Inbox 16

From: Sachet Samaj

Sent: Friday, March 2, 2007 9:17:14 PM
Subject: Abominating adversary: deflecting dissent
It has become quite apparent that any SPAM critic will immediately be accused of being a royalist stooge. If maoist victims stage protests, the royalists are blamed for organizing it. If the Madheshis revolt, the royalists are accused of infiltrating and inciting the rioting. If the water level to generate electricity recedes, the royalist malfeasance is held responsible for the forty hours of darkness. If any one writes against the SPAM, it is imputed as Royalist propaganda. Now, if anything unfavourable befalls upon SPAM, rather than addressing it in a befitting manner, we can naturally expect them to blame the adversity on the royalists. More at:

Another issue came up ! Whether you have the 'right to vote' from abroad or not ? Can we vote down here from USA or other countries also? Of-course yes, we have the right to vote from abroad also.
Thanks, Saita 1977 ----- Original Message ---- From: ""
To: Rana 1616 ; Saita 1977 ; Pashupati Chaudhary ; Netra B. Darai ; Mahesh Limbu ; Prem Pulami ; Mukti Narayan Rai ; Shiva Kumar Rai
Sent: Friday, March 2, 2007 7:25:03 PM


Please check below.

14 Allen Street
Somerville, MA 02143
Tel: 617 372 3587

----- Original Message ----
From: Chunda Bajracharya
To: sushila manandhar ; Jaya limbu ; B.K Rana ; Dibya R Hada ; EROS ; jwajalapa ; Subhash Ram Lachhi
Sent: Friday, March 2, 2007 12:39:44 PM

Hi Friends,
I have just read and signed the petition: "NEPALIS ABROAD DEMAND THE RIGHT TO VOTE"
Please take a moment to read about this important issue, and join me in signing the petition. It takes just 30 seconds, but can truly make a difference. Please sign here:

From: Madhesh Forum
Sent: Friday, March 2, 2007 6:42:49 PM
Subject: Seeing site when banned and others

1. How to see the site when BANNED

TIPS: If you ever find this site blocked by your ISP, you can browse the site by going to and entering there to proxify. Please keep this information with you or note it down, so that you can browse the site whenever it is blocked.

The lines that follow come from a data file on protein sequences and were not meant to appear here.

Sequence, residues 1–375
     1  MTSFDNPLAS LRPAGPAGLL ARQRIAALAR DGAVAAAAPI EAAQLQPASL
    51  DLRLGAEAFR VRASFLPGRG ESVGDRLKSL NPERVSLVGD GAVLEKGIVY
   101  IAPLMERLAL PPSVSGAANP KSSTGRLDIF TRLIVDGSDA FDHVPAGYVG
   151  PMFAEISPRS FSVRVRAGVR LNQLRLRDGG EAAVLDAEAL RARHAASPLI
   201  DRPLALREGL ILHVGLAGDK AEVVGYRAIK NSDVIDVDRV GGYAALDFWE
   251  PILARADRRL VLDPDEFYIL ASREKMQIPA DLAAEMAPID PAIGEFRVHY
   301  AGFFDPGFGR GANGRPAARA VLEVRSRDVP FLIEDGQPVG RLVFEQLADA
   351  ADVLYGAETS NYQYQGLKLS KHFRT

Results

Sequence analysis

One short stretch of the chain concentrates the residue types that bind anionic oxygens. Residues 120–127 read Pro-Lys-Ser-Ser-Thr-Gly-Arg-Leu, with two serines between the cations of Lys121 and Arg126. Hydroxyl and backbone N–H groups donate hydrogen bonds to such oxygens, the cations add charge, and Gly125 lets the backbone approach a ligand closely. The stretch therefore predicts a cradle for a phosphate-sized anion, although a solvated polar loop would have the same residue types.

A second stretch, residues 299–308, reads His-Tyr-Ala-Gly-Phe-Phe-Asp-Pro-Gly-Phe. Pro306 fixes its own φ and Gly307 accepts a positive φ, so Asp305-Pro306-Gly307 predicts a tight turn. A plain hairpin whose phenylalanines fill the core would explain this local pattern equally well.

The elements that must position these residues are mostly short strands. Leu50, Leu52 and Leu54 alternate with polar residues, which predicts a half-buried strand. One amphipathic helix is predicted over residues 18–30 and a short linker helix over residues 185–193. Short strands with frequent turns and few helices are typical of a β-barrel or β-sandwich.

2. Madhesh as Colony

3. Why economic sanction on Nepal?

4. Foreign Aids: Funding Terrorism in Nepal

From: Prakash Bom
To: Shailesh Shrestha
Cc: Sanjaya Parajuli ; SOMU & ARCHU ; Paramendra Kumar Bhagat
Sent: Friday, March 2, 2007 10:48:55 AM
Subject: Re: My appreciation...

Thank you.

Very goo Shailesh Ji. We have to be rational and reasonable for our native problem. It is true that the Hindu religion that insists on the caste system is responsible originally for marginalizing Dalit and Janajati people with its superstitions. However, the feudal oligarchic governance structure is the one that is solely responsible for the marginalized conditions of Dalits, Janajati and other ethnic groups.

After declaring Nepal 'Federal Democratic Republic' and instituting the new constitution after the successful elections of the constituent assembly elections - Nepali soceity will still need social-revolutions (in conduct and politcal practice) such as adaption of the inter-caste & enter-ethnic marriage, intermigle of religions practice (meaning abolition of the discriminations = Open Pasupati Temple for all - No Bhatta Bahun in the Temple) and so on.

Caste and ethnic problem of Nepal needs twenty more years of social behaviour changes in the mindset of Nepali people through democratic rule of law and politically correct social conducts. Madhesi talk about their civil rights. But if we look in to their social practice - they call old-woman WITCH and atrocise her - this has happened several times in Madhes.

We have to learn about ourselves first before we point 'Bhaisi' on someone's belly without seeing the lies crawling all over in our own underwares.

We all have to watch out and do someting constructive to defeat the regressive forces that are on the rise in Nepal now.

Keep rolling

PS: Susil Prajuli supposed to call a get-together (forum or discussion group) on models of the Federal Governance Structures for Nepal so that the political leaderships and constitutional experts can see it from different angles. I am still waiting to hear from him. Hopefully it will happen soon.

On 3/2/07, Shailesh Shrestha wrote:

Dear Prakash jee
First of all I thank you for your all and every updated mail which I have beening receiving continiously and I really appreciate your defending role of this very fragile and complicated political situation. I completely agree on your base ideology of federalism of our diversified nation that has to be solved and addressed based of class based politics rather than any regional or ethnical base. As we all are aware since we are advocating for republican set up of our country after complete abolishment of fuedal monarchy.
This is very unfortune what happening these days in the name of movements( you may name it any thing Madhesi, janajati, dalit, Chepang etc.), where are the route cause of problem?? Of course elsewhere in our society, those who were supressed by the name of cast and religion.
Now the regressive hiden force has came to the surface to provoke the sentimental mass. There is no doubt of infiltration in the Madhesi and Janajati movement. The Nepali people will be able to reveal the real face of Upendra Yadav and many more so called leaders.